Defence Reforms: The Vajpayee years


Content from the Brookings Institution India Center is now archived. After seven years of an impactful partnership, as of September 11, 2020, Brookings India is now the Centre for Social and Economic Progress, an independent public policy institution based in India.

Editor's note:

This chapter is a part of an IDSA book – ‘Defence Reforms: A National Imperative’ – edited by Gurmeet Kanwal and Neha Kohli. Brookings India is an independent, non-partisan public policy research organisation based in New Delhi. The views are of the author(s).

Prime Minister Atal Behari Vajpayee’s coalition government was at the helm of affairs from 1998 to 2004 and significantly shaped India’s defence policies. Some of this was by design, such as the nuclear tests in 1998 which allowed India to come out of the secrecy closet and led to its subsequent accommodation within the existing nuclear order, signified by the 2005

US-India Nuclear deal. Even before the tests, the government also appointed the K.C. Pant Committee to recommend a national security management system for India. These steps eventually led to the creation of the National Security Council (NSC), Strategic Policy Group (SPG) and the National Security Advisory Board (NSAB). In all these activities (from nuclear testing to creating national security structures), Brajesh Mishra, the principal secretary to the Prime Minister, played a key role.1 However the most significant development was the 1999 Kargil War, which was forced on India and revealed many weaknesses. The public outcry at that time led the government to create the Kargil Review Committee (KRC) and the subsequent Group of Ministers (GoM) Committee. These led to one of the most significant attempts at restructuring the Indian military.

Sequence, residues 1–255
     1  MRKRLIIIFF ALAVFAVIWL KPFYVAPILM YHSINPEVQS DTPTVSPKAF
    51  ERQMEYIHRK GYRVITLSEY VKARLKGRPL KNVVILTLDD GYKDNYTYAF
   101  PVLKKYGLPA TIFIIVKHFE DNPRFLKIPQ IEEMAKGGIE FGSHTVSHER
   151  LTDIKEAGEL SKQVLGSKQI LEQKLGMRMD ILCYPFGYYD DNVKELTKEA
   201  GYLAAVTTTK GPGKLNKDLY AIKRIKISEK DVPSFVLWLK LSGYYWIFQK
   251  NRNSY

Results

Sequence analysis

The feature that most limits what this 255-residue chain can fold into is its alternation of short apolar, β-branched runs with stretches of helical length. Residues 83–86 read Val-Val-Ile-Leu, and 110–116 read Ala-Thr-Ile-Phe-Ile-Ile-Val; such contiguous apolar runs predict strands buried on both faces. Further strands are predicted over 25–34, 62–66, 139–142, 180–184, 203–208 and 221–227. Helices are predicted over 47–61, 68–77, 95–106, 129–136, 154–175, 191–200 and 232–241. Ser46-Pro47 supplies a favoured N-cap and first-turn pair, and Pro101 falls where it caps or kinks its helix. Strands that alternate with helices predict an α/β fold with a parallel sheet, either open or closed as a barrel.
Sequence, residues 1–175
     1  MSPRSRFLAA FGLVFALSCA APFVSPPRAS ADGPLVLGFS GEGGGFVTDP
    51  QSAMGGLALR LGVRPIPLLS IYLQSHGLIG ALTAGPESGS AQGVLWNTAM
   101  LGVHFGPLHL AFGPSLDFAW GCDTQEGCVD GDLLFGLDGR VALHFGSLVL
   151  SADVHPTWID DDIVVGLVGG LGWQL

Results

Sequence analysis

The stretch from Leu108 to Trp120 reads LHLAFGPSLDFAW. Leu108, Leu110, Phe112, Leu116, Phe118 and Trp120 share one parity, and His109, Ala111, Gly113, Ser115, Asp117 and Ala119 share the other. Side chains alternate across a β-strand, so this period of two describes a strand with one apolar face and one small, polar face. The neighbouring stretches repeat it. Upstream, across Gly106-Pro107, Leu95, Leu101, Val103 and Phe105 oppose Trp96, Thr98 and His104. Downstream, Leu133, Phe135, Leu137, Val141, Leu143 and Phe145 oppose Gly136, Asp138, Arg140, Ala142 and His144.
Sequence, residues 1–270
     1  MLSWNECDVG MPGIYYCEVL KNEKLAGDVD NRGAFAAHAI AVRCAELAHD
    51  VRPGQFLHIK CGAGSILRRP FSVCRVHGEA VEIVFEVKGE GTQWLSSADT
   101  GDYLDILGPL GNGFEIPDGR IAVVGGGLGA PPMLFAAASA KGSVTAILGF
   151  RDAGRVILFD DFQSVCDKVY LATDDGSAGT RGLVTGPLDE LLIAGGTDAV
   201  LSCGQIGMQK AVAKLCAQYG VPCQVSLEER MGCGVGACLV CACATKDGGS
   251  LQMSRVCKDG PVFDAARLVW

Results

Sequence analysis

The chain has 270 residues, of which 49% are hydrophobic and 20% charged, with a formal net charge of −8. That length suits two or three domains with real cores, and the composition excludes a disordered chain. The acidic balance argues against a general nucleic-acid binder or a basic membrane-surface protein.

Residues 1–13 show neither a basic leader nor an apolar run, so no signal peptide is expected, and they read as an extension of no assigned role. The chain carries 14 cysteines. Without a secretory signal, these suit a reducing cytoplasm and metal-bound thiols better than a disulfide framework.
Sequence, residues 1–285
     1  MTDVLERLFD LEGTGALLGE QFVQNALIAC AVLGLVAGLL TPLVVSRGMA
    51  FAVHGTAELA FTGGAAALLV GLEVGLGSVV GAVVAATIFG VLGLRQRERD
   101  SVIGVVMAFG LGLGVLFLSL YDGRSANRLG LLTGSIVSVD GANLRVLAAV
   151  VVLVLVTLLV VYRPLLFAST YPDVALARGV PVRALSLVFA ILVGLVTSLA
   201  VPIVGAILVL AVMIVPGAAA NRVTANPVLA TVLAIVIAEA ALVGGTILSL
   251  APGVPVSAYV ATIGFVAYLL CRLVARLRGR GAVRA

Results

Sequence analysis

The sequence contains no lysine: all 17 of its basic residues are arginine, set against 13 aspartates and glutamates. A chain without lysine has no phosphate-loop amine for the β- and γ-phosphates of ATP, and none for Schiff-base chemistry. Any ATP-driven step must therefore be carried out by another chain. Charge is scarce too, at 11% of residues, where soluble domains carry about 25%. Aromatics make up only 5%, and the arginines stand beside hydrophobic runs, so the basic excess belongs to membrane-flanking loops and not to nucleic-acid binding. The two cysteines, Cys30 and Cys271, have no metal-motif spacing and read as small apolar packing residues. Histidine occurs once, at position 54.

With the benefit of hindsight, this chapter re-examines the defence reforms that were initiated during the Vajpayee regime. In doing so it focuses on the big ideas, their implementation, sources of resistance and the debates therein. To be clear, this chapter does not simply list out what measures were implemented – as this has been done elsewhere – but re-examines the reform committees based on what we know now. It begins by describing the composition, functioning, recommendations and salient debates of the two reform committees. Then, it analyses the reform measures that were accepted and the ones which weren’t. The next section gives an overall assessment of defence reforms during this period. It concludes with some observations about the contemporary relevance of the debates surrounding defence reforms.

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